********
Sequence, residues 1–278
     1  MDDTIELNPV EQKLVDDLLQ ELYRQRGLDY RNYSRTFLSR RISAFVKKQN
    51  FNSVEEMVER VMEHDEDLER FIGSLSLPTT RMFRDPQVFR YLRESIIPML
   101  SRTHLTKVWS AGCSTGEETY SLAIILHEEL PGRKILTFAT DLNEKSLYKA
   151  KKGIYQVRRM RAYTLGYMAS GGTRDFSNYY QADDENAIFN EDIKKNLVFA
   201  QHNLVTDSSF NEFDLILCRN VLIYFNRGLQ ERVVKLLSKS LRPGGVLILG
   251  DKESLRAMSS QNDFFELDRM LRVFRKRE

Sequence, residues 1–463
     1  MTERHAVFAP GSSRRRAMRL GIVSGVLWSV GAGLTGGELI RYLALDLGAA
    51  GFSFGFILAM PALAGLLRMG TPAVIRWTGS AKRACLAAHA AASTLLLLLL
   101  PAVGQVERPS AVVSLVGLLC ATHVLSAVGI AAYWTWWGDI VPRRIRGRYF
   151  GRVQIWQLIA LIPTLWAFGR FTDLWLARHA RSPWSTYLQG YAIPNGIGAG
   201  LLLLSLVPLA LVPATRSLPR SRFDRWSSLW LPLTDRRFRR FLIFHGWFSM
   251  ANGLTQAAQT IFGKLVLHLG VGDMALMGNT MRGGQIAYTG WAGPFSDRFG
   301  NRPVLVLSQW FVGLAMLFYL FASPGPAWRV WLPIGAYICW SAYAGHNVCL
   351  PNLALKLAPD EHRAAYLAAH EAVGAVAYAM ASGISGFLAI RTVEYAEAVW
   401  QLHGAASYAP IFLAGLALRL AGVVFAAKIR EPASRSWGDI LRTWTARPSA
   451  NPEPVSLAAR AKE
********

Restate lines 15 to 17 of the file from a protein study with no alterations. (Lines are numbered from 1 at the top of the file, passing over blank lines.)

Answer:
   301  NRPVLVLSQW FVGLAMLFYL FASPGPAWRV WLPIGAYICW SAYAGHNVCL
   351  PNLALKLAPD EHRAAYLAAH EAVGAVAYAM ASGISGFLAI RTVEYAEAVW
   401  QLHGAASYAP IFLAGLALRL AGVVFAAKIR EPASRSWGDI LRTWTARPSA